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Keen v. Davis

OCTOBER 28, 1966.

JOHN M. KEEN, ADMINISTRATOR OF THE ESTATE OF CAROL JUNE KEEN, DECEASED, PLAINTIFF-APPELLANT,

v.

ALVA C. DAVIS, DOING BUSINESS AS ALVA C. DAVIS DRILLING COMPANY, WILLARD TULLIS, JOHN DAVIS, DOING BUSINESS AS JOHN DAVIS EXCAVATING COMPANY, AND CLARENCE TAYLOR, DEFENDANTS-APPELLEES.



Appeal from the Circuit Court of Wayne County; the Hon. HARRY L. ZIEGLER, Judge, presiding. Judgment entered upon allowance of defendants' motions for directed verdict affirmed in part and reversed in part.

GOLDENHERSH, P.J.

Plaintiff appeals from the judgment of the Circuit Court of Wayne County, entered upon allowance of defendants' motions for a directed verdict at the close of the plaintiff's case.

Defendants have filed a motion to dismiss the appeal on the ground that plaintiff, having failed to file a post-trial motion, has waived the right to apply for a new trial, and the failure to file such post-trial motion prevents consideration of the appeal on its merits. The motion to dismiss the appeal was taken for consideration with the case.

The issue presented by defendants' motion was considered and decided by the Appellate Court for the First District in Rzeszutko v. Yellin, 61 Ill. App.2d 164, 208 N.E.2d 872, by the Appellate Court for the Second District in Malcomson v. Bennett, 69 Ill. App.2d 281, and the Appellate Court for the Third District (now the Fourth District) in Mann v. Sanders, 29 Ill. App.2d 291, 173 N.E.2d 12. The First and Second Districts held that section 68.1(5) of the Civil Practice Act (c 110, § 68.1(5), Ill Rev Stats 1965) is applicable, and allowed motions to dismiss the appeals. The holding in Mann v. Sanders (supra) is to the contrary.

Section 68.1 of the Civil Practice Act (c 110, Ill Rev Stats) provides, in part:

"(1) If at the close of the evidence, and before the case is submitted to the jury, any party moves for a directed verdict the court may (a) grant the motion or (b) deny the motion or reserve its ruling thereon and submit the case to the jury. If the court denies the motion or reserves its ruling thereon, the motion is waived unless the request is renewed in the post-trial motion."

"(2) Relief desired after trial in jury cases, heretofore sought by reserved motions for directed verdict or motions for judgment non obstante veredicto, for judgment notwithstanding the verdict, in arrest of judgment or for new trial, must be sought in a single post-trial motion. . . . The post-trial motion must contain the points relied upon, particularly specifying the grounds in support thereof, and must state the relief desired, as for example, the entry of a judgment, the granting of a new trial or other appropriate relief. . . . A party may not urge as error on review of the ruling on his post-trial motion any point, ground or relief not particularly specified in the motion."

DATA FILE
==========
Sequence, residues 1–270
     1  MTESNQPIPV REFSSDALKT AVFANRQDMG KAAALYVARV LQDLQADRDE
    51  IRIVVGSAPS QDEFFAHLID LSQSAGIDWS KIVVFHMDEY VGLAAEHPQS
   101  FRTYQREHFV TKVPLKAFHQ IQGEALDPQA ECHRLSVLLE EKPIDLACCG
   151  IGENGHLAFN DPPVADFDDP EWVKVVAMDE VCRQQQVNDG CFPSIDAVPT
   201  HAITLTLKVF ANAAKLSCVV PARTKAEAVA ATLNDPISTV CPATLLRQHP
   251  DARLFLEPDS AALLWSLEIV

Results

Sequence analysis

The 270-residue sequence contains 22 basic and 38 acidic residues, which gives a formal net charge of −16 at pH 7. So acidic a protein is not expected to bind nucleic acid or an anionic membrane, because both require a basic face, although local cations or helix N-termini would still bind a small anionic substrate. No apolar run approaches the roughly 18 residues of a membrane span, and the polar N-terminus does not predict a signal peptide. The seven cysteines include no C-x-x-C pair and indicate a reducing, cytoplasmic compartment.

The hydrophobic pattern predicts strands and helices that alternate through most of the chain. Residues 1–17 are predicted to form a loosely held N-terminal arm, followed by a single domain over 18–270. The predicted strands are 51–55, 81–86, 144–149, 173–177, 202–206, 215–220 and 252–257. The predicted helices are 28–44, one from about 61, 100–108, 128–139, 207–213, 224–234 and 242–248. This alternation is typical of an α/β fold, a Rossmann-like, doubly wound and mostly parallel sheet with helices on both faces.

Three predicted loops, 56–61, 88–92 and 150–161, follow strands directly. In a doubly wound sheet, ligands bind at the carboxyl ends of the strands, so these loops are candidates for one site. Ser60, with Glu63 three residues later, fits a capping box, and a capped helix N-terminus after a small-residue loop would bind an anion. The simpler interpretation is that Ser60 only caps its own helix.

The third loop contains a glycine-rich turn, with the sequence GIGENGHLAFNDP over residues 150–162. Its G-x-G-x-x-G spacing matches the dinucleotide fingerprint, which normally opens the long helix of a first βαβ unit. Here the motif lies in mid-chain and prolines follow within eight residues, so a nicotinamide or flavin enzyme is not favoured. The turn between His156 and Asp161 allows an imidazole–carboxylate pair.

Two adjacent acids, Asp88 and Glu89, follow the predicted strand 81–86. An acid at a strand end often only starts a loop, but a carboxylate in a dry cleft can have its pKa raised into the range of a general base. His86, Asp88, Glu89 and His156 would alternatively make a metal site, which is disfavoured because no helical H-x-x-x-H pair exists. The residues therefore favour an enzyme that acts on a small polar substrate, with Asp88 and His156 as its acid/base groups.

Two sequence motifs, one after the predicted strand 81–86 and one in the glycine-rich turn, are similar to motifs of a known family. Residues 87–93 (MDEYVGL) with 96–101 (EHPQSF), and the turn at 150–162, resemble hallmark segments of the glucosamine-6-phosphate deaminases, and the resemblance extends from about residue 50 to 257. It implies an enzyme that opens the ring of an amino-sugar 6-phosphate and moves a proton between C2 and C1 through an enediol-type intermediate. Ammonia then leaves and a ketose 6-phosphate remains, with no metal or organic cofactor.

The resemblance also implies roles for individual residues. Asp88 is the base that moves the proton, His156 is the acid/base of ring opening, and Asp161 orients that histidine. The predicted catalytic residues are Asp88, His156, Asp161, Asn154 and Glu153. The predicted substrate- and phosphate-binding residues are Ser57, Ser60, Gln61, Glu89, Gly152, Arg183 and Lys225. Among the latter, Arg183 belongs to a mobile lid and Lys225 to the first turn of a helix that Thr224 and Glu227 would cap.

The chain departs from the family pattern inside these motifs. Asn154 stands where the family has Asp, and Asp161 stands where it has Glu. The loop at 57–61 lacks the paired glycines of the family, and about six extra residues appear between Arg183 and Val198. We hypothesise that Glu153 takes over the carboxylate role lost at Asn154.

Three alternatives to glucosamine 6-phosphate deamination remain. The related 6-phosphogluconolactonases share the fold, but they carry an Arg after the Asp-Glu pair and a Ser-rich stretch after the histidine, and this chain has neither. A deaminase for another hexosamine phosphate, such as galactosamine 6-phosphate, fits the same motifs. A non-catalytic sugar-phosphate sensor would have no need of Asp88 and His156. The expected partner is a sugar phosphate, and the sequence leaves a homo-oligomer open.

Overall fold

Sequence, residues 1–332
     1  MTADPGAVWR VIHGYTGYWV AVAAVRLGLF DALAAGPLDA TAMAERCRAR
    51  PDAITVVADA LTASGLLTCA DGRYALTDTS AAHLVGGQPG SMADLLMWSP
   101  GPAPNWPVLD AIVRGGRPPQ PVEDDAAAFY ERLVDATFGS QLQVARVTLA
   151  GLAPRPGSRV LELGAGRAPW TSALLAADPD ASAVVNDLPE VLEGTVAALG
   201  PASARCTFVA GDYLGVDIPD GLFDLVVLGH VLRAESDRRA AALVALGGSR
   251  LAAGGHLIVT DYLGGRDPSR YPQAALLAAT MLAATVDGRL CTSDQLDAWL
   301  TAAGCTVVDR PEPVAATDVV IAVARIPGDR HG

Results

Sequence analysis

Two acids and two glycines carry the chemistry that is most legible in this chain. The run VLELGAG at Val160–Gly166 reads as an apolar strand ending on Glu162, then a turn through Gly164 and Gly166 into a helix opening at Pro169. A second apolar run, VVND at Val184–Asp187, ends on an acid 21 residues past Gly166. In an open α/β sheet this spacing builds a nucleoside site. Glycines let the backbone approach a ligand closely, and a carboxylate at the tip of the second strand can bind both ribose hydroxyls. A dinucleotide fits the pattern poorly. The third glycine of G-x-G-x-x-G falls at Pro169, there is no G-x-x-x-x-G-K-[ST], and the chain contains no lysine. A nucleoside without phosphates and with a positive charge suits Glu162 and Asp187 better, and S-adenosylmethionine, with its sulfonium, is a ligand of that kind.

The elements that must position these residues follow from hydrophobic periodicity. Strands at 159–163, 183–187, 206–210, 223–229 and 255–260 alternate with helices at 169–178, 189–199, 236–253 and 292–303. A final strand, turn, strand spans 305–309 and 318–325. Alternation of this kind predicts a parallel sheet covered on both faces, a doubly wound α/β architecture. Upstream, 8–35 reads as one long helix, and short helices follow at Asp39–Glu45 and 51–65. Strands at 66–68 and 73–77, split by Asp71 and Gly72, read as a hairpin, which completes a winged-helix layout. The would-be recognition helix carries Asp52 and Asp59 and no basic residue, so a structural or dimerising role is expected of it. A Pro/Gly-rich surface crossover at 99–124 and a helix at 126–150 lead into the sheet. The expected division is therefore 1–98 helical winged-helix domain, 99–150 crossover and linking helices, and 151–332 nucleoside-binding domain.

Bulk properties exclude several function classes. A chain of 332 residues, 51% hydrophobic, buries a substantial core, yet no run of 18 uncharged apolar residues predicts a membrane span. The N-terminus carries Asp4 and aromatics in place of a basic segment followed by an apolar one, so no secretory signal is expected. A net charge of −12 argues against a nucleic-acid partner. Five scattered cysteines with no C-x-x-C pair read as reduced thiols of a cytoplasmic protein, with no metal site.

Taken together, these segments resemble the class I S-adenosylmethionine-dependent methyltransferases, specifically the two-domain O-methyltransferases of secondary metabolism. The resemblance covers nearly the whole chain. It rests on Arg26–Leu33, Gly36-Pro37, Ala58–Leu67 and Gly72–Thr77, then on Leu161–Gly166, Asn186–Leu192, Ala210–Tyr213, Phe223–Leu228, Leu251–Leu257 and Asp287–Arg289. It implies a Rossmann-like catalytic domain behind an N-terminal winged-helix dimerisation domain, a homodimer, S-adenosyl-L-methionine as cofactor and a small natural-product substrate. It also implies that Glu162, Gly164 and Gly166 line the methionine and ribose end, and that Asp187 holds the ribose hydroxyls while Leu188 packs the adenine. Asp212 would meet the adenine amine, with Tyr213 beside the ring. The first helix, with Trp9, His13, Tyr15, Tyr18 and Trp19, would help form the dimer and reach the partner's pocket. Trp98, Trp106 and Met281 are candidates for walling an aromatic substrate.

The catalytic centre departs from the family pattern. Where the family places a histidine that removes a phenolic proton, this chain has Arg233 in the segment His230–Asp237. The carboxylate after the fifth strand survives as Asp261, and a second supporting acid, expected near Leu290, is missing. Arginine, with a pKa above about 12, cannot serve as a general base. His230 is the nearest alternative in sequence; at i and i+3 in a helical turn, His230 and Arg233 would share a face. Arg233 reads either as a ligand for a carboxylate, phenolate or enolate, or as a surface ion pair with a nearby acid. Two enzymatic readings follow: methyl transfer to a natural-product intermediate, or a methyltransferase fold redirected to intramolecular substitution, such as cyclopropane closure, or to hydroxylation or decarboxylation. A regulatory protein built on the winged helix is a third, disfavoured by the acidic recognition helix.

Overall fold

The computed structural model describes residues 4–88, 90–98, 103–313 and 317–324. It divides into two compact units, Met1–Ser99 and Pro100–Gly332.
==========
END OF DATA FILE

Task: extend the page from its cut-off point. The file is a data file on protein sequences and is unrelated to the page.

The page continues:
"(5) Any party who fails to seek a new trial in his post-trial motion, either conditionally or unconditionally, as herein provided, waives the right to apply for a new trial, except in cases in which the jury has failed to reach a verdict."

Prior to the 1955 amendment, the only provision of the Civil Practice Act pertaining to directed verdicts, was found in section 68(3) (a). A party adversely affected by a ruling on a motion for directed verdict had an exception "as a matter of course." The only provision for post-trial motions (§ 68(1)) required that a motion be filed if the post-trial relief sought was judgment non obstante veredicto, arrest of judgment, or a new trial.

The effect of the 1955 amendments (§ 68.1, supra) was to require the renewal of a motion for directed verdict in a post-trial motion, but there is no provision for a post-trial motion by the party against whom the verdict is directed.

We agree with our colleagues in the First District that "the purpose of a post-trial motion for a new trial is to give the trial court an opportunity to correct any trial errors. . . ." (Rzeszutko v. Yellin, 61 Ill. App.2d 164, 167, 208 N.E.2d 872). This, however, does not enable us to read into the Civil Practice Act a requirement for a post-trial motion where the Act contains no such requirement.

A motion for a directed verdict presents the single issue of whether the plaintiff's evidence, considered together with all reasonable inferences from it, in its aspect most favorable to the plaintiff, fails to prove any necessary element of the plaintiff's case, Hulke v. International Mfg. Co., 14 Ill. App.2d 5, 142 N.E.2d 717, and raises only a question of law. Wolf v. Chicago Sign Printing Co., 233 Ill. 501, 84 N.E. 614; John Deere Plow Co. of Moline v. Carmer, 350 Ill. 104, 182 N.E. 762. The ruling on the motion is solely an act of the court, and envisioning any participation by the jury in rendering a verdict at the direction of the court, is pure legal fantasy.

In our opinion, the provisions of section 68.1 express the legislative intent that a post-trial motion be required only in those cases in which a jury has actually rendered a verdict. This is evidenced by the fact that no such motion is required in cases in which the jury has failed to reach a verdict (§ 68.1(5)), or in non-jury cases (§ 68.3). Absent a clear and unequivocal statutory directive, neither precedent nor logic make mandatory a motion for new trial in a situation where only one issue is presented, when the ...


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